Almost everyone knows someone who has diabetes. According to the American Diabetes Association, an estimated 23.6 million people in the United States -- or 7.8 percent of the population -- have diabetes, a serious, lifelong condition. It is the seventh leading cause of death in the U.S.
Diabetes is also associated with long-term complications that affect almost every part of the body. The disease often leads to blindness, heart and blood vessel disease, stroke, kidney failure, amputations, and nerve damage. Diabetes is also on the rise in kids, as a result of obesity.
Dr. Mehmet Oz, host of Fox Network's "The Dr. Oz Show," is passionate about this public health crisis. He appeared on "The Early Show" Wednesday from Washington, D.C., where he is the keynote speaker at the National Conference on Diabetes.
Dr. Oz said he estimates that 57 million more people than the American Diabetes Association statistics include are likely to have diabetes or be pre-diabetic.
Oz said, "The irony is the earlier you intervene and help folks, the better they'll do. It'll double the survival rates, but 90 percent of people don't realize it."
So how do you know if you have diabetes?
Oz said thirst, excess urination and weakness are factors, but another big factor is belly fat. "Your belly fat is what tells us if you're at high risk for being a Type II diabetic."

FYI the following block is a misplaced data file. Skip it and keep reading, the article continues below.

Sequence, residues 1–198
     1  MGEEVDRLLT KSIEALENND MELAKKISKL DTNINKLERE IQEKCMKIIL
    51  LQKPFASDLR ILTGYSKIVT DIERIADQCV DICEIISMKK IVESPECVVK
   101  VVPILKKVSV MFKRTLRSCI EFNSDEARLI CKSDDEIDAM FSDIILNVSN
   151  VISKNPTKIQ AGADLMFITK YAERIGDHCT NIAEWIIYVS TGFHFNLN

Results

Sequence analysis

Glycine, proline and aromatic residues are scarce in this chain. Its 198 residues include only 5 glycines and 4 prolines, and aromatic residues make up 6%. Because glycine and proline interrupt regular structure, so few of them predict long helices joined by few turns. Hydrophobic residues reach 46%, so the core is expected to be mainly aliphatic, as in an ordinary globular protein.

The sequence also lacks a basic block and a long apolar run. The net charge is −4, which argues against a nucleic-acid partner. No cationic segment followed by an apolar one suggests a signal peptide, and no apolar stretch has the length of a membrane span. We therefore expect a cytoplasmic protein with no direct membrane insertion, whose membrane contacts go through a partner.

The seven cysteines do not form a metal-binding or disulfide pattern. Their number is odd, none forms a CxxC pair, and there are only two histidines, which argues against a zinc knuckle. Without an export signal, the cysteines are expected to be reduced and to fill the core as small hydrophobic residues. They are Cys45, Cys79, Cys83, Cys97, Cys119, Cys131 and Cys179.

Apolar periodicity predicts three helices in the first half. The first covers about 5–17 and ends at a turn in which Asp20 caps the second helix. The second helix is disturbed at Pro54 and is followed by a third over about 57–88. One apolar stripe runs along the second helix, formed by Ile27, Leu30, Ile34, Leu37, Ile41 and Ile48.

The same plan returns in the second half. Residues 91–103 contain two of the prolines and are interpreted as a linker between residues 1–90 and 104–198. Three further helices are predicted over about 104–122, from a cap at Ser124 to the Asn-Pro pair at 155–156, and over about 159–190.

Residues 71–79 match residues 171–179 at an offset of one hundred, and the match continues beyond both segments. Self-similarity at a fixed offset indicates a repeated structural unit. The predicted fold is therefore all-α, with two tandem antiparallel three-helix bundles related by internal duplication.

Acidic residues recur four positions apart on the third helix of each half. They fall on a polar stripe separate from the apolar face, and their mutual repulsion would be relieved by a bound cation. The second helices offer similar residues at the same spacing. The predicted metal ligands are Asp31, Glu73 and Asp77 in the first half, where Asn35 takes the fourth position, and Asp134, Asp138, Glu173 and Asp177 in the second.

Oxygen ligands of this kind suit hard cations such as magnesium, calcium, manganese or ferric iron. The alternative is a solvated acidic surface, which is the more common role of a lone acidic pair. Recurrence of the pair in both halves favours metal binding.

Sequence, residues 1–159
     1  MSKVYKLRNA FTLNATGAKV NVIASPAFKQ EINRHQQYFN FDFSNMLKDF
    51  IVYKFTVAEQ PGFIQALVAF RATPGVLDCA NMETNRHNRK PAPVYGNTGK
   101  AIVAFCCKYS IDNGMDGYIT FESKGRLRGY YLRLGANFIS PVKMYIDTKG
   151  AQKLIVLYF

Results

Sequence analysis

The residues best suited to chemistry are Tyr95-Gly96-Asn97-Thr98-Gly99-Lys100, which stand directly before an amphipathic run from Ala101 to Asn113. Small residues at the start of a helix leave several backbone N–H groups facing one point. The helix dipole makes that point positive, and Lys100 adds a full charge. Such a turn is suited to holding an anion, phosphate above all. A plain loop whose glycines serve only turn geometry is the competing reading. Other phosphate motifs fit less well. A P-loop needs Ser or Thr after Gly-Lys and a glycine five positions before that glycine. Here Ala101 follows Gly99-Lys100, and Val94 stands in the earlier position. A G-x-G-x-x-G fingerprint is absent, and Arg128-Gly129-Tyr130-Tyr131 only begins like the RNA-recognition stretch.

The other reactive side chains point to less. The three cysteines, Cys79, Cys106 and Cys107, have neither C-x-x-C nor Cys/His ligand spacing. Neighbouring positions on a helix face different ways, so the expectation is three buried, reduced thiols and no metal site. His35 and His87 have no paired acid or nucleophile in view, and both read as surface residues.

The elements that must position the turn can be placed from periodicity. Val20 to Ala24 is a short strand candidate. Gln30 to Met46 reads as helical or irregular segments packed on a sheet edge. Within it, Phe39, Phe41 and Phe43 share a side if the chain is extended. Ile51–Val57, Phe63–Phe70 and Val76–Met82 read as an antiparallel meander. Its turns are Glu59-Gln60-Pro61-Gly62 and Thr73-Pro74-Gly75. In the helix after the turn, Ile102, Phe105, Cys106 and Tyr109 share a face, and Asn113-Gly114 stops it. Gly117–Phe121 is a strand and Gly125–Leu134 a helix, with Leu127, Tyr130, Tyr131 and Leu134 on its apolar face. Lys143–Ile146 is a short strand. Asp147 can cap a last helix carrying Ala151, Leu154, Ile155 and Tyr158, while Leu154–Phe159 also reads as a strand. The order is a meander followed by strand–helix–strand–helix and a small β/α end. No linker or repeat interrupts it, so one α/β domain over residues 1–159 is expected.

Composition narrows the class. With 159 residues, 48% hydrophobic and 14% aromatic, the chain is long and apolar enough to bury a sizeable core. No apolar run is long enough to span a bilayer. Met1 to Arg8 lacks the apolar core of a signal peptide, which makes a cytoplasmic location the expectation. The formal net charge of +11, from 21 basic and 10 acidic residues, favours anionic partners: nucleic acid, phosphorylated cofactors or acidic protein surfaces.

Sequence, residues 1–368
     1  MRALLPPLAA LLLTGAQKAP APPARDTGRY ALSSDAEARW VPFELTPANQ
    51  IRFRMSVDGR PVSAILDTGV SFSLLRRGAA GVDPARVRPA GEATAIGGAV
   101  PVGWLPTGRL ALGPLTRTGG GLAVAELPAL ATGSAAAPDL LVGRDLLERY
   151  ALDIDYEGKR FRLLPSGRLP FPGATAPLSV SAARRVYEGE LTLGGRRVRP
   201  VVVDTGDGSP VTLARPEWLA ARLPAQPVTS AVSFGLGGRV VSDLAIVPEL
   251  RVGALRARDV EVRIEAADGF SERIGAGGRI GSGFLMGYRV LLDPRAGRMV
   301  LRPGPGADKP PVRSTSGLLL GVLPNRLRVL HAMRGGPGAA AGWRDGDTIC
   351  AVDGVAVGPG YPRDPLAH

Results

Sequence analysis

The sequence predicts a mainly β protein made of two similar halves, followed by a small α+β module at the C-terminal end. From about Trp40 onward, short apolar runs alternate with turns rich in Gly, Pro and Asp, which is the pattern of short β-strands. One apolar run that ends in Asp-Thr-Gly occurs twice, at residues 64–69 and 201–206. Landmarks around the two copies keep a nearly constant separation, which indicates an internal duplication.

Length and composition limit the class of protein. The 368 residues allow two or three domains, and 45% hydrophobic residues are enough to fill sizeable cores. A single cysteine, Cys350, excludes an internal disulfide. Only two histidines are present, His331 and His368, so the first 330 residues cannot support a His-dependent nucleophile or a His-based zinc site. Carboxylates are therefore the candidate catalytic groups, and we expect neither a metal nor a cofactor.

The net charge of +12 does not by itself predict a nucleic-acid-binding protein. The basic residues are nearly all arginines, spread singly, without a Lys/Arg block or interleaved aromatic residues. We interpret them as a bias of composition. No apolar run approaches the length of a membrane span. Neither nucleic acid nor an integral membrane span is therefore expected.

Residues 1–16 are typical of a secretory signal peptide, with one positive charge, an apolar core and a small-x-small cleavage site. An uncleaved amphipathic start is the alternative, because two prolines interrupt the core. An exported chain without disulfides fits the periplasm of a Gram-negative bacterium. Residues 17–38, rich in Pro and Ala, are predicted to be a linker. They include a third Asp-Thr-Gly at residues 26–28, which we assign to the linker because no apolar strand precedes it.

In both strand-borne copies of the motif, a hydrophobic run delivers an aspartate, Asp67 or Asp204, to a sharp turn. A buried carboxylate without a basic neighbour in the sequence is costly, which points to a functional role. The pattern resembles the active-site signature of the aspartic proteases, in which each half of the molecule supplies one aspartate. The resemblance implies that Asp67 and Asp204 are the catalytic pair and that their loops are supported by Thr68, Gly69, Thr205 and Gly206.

Oz gave a formula for learning if you're at risk: You take your height in inches and divide that in half. If your waist size is more than half your height, you're at higher risk for developing complications from belly fat. He said the leading complication is diabetes.
Oz said the formula works for men, women and children.
Oz also suggested these practical ways to combat diabetes:
• Include fiber with Breakfast - "Everyone knows breakfast is good for you to lose weight. But you need to have fiber in the breakfast. Doughnuts don't count. So a high-fiber cereal, a piece of fruit, that gets you there."
• Never eat on an empty stomach - "Hormonally, when you eat when you're really hungry and famished, you'll overeat, you'll overshoot. So you always want to have something, about a half an hour before a meal, a handful of nuts, a piece of fruit, something light just to take away the edge, so when you eat, you don't overdo it. "
• Avoid white food - "White sugar, white flour, white pasta. In the body, these are all seen as simple carbohydrates, which are generally deposited as belly fat, as well as fat in other parts of the body."
• Build muscle - "Especially for women, when you go through menopause, you're ovaries don't stop making just estrogen, they stop making testosterone. Without testosterone, you stop making muscle; you get a little pooch in your belly. Make sure you have enough muscle, it burns several times more calories than fat will."
Oz said if you make these changes in your life, you can really turn the disease around.
He said 90 percent of people who are pre-diabetic can reverse their symptoms dramatically, and those with diabetes can actually reverse the disease by losing belly fat.
"That's why we have such a call to action today in Washington," he said. "We know that if folks recognize the ailment early enough -- and if you don't know you have it, you got to figure it out -- you'll have the ability to double your success rate and your survival rate."
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